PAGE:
Wednesday, May 29, 2013

Armchair BEA Day 2: Blog Development and Genre

Blogger development and me

I would love to work on blogger development. I’ve been pretty much doing the same thing – over and over again – since I began. Reading. Writing. Posting.
I even know some of what I need to do:

 Add photos. Add graphics. Write shorter. Write snappier. (Many of the blogs I like best do this.)

Find someone who knows something about blog design and get some help. Explore blog design on my own.

But blog improvement is a little like changing habits. I know what I need to do but I don’t do it.  I just keep doing the old, the familiar and the most comfortable.
I am a little selfish in this. I write in order to have a small conversation with the book.   Writing, I tell myself, is the place I go to think, kind of like going for a long walk with a friend – and the book is the friend. I post so others can listen in on that conversation.
That’s different than writing for an audience of other bloggers. When I ask who my audience is, I come up blank. So I just keep writing the way I’ve been writing for years.

On genres
I don’t think it’s true that genres don’t get the attention they deserve. Over the past 30 or so years, genres have gone beserk -- growing, changing, subdividing and subsubdividing. Mysteries. Thrillers. Police Procedurals. Detective stories. Armchair detectives. Noir. Etc.
And I like that.
They’ve also been crossbreeding and you see wonderful examples of that in truly great fiction like Cloud Atlas. Wow what a book!

While I favor literary fiction and mysteries – old habits die hard -- I’ll read anything that’s multilayered and really good.

 This year I’ve read historical fiction, YA and biographies – but I’m reading off the top of the genres I’m least familiar with – already established greats like Hilary Mantel, John Green and David McCullough.


  1. I know it sounds weird to suggest, but there are tons of books on blogging out there. That is how i overcame my fear of all this. Books are what i feel comfortable with, so that where i turn when i need help and it has worked.


    1. I've thought of this. I might have even made it to the library only to find that the books were out. Should try again. Do you have any recommendations?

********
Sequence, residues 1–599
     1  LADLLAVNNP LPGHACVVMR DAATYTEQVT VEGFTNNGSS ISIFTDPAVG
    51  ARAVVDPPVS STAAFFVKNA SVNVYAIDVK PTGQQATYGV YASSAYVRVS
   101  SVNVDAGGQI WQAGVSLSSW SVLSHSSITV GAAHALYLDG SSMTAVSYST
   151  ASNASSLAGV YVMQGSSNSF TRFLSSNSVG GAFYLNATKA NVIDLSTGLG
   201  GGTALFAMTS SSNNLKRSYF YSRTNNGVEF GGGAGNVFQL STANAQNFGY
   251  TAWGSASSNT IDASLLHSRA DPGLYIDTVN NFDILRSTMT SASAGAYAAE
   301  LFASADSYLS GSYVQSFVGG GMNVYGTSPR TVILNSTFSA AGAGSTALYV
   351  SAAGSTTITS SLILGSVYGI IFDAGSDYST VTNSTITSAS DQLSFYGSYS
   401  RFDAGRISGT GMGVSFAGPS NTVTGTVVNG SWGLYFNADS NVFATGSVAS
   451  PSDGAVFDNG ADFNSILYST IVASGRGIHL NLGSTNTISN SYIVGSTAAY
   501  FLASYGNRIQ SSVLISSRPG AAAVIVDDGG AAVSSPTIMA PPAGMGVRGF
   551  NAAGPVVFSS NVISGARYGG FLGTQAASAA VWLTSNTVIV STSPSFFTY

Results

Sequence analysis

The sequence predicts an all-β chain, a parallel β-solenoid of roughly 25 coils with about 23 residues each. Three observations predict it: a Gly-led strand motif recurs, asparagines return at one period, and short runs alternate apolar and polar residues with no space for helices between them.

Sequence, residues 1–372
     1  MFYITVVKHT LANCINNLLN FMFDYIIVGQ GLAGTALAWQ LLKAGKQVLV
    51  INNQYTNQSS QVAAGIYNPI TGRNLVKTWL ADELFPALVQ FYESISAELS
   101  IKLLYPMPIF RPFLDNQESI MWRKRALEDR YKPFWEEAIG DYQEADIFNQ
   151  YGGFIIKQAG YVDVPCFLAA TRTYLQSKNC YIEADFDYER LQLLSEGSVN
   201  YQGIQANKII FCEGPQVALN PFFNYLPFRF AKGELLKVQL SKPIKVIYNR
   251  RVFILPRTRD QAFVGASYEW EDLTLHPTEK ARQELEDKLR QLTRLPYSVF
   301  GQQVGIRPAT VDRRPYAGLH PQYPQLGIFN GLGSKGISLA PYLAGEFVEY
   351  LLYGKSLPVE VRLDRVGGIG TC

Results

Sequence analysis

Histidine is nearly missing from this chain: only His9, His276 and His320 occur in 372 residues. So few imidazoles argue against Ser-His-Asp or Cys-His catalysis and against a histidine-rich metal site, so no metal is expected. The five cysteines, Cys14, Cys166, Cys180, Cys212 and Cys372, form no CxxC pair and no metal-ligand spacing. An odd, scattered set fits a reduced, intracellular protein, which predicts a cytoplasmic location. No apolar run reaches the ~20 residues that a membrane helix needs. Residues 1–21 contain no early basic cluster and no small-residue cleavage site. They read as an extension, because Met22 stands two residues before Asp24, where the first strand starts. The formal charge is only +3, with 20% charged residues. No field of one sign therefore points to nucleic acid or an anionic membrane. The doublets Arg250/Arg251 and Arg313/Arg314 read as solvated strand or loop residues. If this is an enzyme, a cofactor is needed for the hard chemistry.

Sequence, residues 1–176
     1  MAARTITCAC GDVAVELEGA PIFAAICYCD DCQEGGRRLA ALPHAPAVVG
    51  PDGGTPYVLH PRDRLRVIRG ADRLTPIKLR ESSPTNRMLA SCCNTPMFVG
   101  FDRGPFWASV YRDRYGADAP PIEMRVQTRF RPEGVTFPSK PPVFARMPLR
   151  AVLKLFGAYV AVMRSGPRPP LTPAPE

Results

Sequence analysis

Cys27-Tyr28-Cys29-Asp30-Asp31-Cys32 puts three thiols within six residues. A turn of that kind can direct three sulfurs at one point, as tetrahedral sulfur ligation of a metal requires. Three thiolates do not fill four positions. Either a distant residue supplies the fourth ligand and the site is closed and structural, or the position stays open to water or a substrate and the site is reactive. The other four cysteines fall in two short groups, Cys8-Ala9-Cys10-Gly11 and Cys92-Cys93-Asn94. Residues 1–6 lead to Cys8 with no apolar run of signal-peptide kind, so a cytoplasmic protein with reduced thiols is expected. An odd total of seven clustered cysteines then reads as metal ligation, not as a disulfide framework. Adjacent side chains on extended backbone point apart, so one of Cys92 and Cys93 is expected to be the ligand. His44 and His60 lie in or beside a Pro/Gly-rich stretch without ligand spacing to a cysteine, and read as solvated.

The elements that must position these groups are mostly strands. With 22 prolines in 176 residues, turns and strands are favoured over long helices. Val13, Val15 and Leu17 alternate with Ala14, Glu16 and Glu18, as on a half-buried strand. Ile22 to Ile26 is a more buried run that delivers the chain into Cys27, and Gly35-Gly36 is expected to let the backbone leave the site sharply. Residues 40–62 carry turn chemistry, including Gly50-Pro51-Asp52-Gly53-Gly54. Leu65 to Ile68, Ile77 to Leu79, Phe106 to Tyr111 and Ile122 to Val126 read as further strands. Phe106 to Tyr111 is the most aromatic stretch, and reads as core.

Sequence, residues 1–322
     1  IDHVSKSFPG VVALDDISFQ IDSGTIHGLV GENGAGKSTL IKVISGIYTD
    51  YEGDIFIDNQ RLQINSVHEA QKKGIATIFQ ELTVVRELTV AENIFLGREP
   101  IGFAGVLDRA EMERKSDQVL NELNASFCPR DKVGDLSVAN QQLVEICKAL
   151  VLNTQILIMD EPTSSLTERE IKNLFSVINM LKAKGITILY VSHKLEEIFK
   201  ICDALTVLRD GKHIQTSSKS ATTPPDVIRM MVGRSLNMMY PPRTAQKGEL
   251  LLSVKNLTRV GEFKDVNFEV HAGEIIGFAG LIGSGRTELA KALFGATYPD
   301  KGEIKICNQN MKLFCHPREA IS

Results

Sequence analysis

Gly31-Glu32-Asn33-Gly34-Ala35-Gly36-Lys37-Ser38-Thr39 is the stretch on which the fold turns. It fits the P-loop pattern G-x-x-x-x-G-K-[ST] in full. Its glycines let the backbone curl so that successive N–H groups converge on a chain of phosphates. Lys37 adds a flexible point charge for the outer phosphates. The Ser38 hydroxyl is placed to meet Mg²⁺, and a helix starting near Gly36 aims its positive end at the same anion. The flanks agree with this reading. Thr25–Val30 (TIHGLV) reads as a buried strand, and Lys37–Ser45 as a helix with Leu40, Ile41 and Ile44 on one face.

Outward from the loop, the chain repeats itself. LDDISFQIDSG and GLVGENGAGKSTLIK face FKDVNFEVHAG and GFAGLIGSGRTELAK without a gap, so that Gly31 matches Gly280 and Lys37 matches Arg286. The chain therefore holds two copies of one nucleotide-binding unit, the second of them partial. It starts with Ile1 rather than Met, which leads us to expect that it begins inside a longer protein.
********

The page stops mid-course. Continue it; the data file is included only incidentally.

2. I definitely understand how hard it is to change habits. But maybe try introducing one new change at a time until that becomes comfortable?

  3. Yes. I know and setting goals -- giving myself a direction

  4. Oh goodness, the things I have thought about doing, changing, adding, or taking away from my blog - particularly in the area of design - are so many and contradictory to each other that I'm better off leaving a lot of it alone. That said, when I'm done with school I might invest some time and effort in that area. But I also like the way it is, and think that my biggest development is in my writing, my voice, and the way in which I look at books. Does that make sense?

  5. I know the feeling about changing it up on the blog. I've been dabbling in designs looking for graphic help and asking for feed back. Its daunting, making changes!

    Great post! I split mine into two posts today. I think I ramble in my posts.

    Ashley @ My Two Cents

  6. I love how you talk about writing as a walk with a friend and the book is the friend! Terrific way of looking at it!

    I love all kinds of genres, but I'm mainly drawn to good stories and characters. I need to read Cloud Atlas!

  7. I love your post :) And I love John Green right now, but then again I am still under the influence of The Fault in Our Stars.

    My recipe to blogging happiness is doing what feels right. So I say just do that :)

  8. Your blog looks pretty great to me! And it's working for you! Keep doing what you're doing, it's awesome!

  9. I enjoyed your thoughts on Blog Development and Genre. Blogging is so personal. I think your blog is a reflection of you and it works beautifully. Sometimes I feel there's too much going on with some designs, sometimes I feel that my blog is a bit much, but what it really comes down to is what you have to say, not what the blog looks like.

    1. Thank you Suzanne. It's reassuring to have feedback. I would love to get just a little help to make reveiws a bit easier to access.

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